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Brexit, the Irish Border and Coronavirus

Jonathan Evershed, University College Cork

As I write this, working from home at the tail end of a period of ‘self-isolation’, the Brexit crisis and its fraught debates about borders, backstops and frontstops feels like a distant (and even fond) memory. All seems – to coin that hackneyed phrase so often deployed in discussions of Irish politics – changed, changed utterly. But the Brexit clock is still ticking, and even in the midst of the present crisis, there have been reminders that the vexed question of implementing the Protocol on Ireland/Northern Ireland remains to be resolved. A generous interpretation is that the EU and the UK are at odds as to what implementation requires. More worryingly, it arguably appears that the UK is actively seeking to resile from its commitments under the terms of the Withdrawal Agreement. Particularly in light of today’s news that the EU’s lead negotiator, Michel Barnier, has been diagnosed as having Covid-19, it is increasingly clear that attempts at settling this and other disputes are liable to be parked for the foreseeable future. Despite Boris Johnson’s protestations to the contrary, an extension of the current phase of negotiations seems increasingly inevitable. And Northern Ireland is, as ever, caught in the middle.

The way that this public health crisis has unfolded in Northern Ireland has borne some of the hallmarks of the same piggy-in-the-middleness that has shaped its experience of Brexit. Divergent opinion in London and Dublin as to how best to approach the Coronavirus pandemic has strained relationships in Belfast and tested the unity of the newly restored Northern Ireland Executive, with some arguing that it has led to a sectarianisation of the crisis. Northern Ireland Ministers have found themselves caught between conflicting advice from health experts; managing differing timetables for school closures; negotiating different approaches to community Covid-19 testing; and, ultimately, navigating the ethical distance between an approach based on ‘flattening the curve’, on the one hand, and one premised (initially) on the cultivation of ‘herd immunity’, on the other. There has been a tendency to polarisation along orange and green lines, with Unionists tending to favour alignment with the rest of the UK and Nationalists advocating greater synchronicity across the island of Ireland. There have been visible tensions within the Executive, and Sinn Féin Ministers have been vocally discomfited by the UK government’s light-touch approach (which, it should be noted, was also questioned by the WHO).

The net result has been a confusing mish-mash: some schools have stayed open while others have closed. Pubs have remained open for business while people have simultaneously been advised not to frequent them. Many people have had to make their own calls and muddle through on the basis of often conflicting and even contradictory advice. This has been particularly true in border communities, where people have been forced to navigate a gap in British and Irish policy approaches which has only recently begun to narrow. It is notable how many people in Northern Ireland – Unionist, Nationalist and ‘other’ – were so emphatic in commending Leo Varadkar’s St. Patrick’s Day speech, and what was perceived as the care-taker Taoiseach’s cutting through the mixed messaging to offer clear and decisive leadership.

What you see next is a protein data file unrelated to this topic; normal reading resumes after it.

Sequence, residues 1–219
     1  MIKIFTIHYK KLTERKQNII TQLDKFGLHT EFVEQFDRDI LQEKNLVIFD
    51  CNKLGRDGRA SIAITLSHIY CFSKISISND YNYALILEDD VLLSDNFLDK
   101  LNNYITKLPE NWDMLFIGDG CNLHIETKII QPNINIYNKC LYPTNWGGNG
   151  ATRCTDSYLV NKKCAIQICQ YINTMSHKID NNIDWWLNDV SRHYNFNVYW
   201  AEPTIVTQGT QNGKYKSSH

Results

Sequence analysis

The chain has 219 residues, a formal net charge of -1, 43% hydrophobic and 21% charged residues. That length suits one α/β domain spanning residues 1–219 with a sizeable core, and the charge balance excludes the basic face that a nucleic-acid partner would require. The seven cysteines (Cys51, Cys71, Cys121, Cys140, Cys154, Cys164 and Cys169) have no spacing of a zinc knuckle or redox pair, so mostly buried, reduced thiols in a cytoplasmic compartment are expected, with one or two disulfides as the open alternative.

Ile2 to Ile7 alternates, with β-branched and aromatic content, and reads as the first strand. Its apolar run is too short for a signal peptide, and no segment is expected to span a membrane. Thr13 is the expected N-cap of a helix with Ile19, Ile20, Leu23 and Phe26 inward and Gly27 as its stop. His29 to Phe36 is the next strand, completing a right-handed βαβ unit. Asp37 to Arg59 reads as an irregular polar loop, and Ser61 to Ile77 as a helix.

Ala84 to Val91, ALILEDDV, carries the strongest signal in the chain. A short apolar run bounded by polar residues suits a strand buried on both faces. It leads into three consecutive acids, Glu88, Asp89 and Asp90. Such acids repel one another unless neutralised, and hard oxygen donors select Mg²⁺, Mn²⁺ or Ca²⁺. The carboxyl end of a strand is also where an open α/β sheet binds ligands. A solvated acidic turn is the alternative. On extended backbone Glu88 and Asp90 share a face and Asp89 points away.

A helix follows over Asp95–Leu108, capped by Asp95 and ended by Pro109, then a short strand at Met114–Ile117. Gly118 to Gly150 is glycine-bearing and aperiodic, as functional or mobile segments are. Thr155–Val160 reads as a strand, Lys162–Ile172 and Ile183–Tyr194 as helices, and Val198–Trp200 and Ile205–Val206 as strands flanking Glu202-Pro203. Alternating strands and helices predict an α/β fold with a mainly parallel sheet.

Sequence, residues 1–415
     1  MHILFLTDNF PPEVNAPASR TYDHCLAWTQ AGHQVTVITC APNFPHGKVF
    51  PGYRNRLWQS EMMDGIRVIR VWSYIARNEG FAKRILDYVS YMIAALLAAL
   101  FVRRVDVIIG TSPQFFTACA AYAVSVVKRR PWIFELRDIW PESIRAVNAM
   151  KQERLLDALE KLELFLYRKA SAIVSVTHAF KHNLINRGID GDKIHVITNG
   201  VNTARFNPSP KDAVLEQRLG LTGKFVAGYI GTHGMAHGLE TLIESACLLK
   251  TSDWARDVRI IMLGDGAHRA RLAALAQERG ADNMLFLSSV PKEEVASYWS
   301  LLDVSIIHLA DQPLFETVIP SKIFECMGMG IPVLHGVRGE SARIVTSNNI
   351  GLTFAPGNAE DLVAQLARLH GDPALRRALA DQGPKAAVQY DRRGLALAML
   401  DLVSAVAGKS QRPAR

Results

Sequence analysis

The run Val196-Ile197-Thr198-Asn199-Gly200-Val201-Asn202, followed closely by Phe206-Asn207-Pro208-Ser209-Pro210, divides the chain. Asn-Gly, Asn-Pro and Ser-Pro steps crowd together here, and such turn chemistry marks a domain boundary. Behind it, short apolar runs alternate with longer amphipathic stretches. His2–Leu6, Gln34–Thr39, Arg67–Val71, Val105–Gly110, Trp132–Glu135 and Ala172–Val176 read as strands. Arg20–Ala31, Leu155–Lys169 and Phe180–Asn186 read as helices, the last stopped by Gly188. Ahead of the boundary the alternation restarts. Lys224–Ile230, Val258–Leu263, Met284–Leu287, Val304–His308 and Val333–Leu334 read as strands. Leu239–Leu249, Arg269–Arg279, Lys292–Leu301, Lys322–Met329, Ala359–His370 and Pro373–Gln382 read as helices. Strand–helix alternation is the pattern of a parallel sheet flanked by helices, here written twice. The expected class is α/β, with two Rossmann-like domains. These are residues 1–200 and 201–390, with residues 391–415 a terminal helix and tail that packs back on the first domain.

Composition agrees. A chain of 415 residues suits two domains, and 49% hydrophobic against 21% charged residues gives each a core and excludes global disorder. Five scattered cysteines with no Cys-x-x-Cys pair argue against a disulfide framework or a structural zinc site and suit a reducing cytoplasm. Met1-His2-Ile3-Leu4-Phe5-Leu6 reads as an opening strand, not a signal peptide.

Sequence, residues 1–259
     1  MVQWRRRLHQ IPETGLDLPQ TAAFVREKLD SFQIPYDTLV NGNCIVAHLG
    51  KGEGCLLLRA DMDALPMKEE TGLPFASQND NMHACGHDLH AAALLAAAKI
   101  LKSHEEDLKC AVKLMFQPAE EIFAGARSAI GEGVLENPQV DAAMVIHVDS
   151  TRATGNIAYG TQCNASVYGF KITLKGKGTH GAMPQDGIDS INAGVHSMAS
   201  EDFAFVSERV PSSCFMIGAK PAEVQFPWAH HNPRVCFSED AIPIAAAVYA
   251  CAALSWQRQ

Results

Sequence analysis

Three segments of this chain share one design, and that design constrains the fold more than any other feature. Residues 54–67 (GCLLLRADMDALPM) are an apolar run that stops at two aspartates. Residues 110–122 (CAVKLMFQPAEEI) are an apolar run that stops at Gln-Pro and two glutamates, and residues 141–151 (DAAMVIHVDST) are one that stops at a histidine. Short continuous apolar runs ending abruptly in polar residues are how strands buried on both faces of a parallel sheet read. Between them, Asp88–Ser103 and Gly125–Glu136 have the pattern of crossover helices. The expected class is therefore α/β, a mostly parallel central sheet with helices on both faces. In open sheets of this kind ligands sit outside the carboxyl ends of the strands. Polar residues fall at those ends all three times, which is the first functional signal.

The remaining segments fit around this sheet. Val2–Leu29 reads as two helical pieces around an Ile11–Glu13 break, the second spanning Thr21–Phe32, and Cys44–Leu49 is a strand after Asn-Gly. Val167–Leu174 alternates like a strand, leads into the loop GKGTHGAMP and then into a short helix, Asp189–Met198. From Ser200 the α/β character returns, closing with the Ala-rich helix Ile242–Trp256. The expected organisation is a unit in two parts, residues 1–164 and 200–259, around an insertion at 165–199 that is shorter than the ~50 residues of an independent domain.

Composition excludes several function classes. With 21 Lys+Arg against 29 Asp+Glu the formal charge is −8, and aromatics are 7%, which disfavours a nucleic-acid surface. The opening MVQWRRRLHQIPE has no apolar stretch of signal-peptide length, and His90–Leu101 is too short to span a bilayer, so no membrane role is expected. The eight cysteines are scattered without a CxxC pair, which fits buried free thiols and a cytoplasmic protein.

The evolving public health emergency has so far done little to bridge the gap between Merrion Street and Downing Street which Brexit had served to (re)open. Nor has this been helped by the British government’s decision – in the midst of the crisis – to unilaterally redesign the structures for dealing with the past that had previously been agreed by both governments and Northern Ireland’s parties at Stormont House. The Coronavirus has also offered new opportunities for the UK’s ‘knowledge gap’ on Ireland to reveal itself in ways that remain as frustrating as they are dangerously misleading.

It is noteworthy that the first reported case of Covid-19 on the island of Ireland was that of a woman who had returned to Northern Ireland from northern Italy via Dublin airport. Perhaps nothing better demonstrates the need for a coherent, cross-border and unified approach to this most monumental of challenges on the island of Ireland and beyond. As Brexit should already have made clear, the myriad ways in which our lives and livelihoods are intertwined across these islands have been starkly revealed by this pandemic. We are bound together by the Good Friday Agreement, by the Common Travel Area, by our shared culture and heritage, and by our family ties (I can’t help but think of family and friends on the other side of the Irish Sea who feel both so close and so far away). We will need to trust and feel able to rely on each other in order to confront this crisis as it continues to evolve over the coming months. For better or worse, we are, as the Taoiseach suggested on St. Patrick’s Day, all in this together. And this calls for a Brexit extension, attempts to (re)build bridges (and not the imaginary Northern Ireland-Scotland kind) and a greater degree of co-ordination than has so far been in evidence.

Jonathan Evershed is a Postdoctoral Research Fellow in the Department of Government and Politics, University College Cork

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